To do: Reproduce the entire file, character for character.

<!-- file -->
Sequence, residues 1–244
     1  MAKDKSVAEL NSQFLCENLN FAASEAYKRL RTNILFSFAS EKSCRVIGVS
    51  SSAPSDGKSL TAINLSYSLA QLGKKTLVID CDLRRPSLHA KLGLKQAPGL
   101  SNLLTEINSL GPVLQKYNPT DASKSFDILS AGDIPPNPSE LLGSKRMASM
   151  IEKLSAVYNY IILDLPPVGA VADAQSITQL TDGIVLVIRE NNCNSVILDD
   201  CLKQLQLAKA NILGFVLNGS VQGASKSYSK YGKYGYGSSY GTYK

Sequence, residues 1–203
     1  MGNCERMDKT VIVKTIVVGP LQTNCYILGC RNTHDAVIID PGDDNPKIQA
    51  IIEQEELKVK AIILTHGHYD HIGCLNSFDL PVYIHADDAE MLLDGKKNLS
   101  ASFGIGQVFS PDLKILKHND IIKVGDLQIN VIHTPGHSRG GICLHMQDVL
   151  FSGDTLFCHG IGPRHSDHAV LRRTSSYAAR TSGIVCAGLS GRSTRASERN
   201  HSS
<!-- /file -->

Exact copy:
Sequence, residues 1–244
     1  MAKDKSVAEL NSQFLCENLN FAASEAYKRL RTNILFSFAS EKSCRVIGVS
    51  SSAPSDGKSL TAINLSYSLA QLGKKTLVID CDLRRPSLHA KLGLKQAPGL
   101  SNLLTEINSL GPVLQKYNPT DASKSFDILS AGDIPPNPSE LLGSKRMASM
   151  IEKLSAVYNY IILDLPPVGA VADAQSITQL TDGIVLVIRE NNCNSVILDD
   201  CLKQLQLAKA NILGFVLNGS VQGASKSYSK YGKYGYGSSY GTYK

Sequence, residues 1–203
     1  MGNCERMDKT VIVKTIVVGP LQTNCYILGC RNTHDAVIID PGDDNPKIQA
    51  IIEQEELKVK AIILTHGHYD HIGCLNSFDL PVYIHADDAE MLLDGKKNLS
   101  ASFGIGQVFS PDLKILKHND IIKVGDLQIN VIHTPGHSRG GICLHMQDVL
   151  FSGDTLFCHG IGPRHSDHAV LRRTSSYAAR TSGIVCAGLS GRSTRASERN
   201  HSS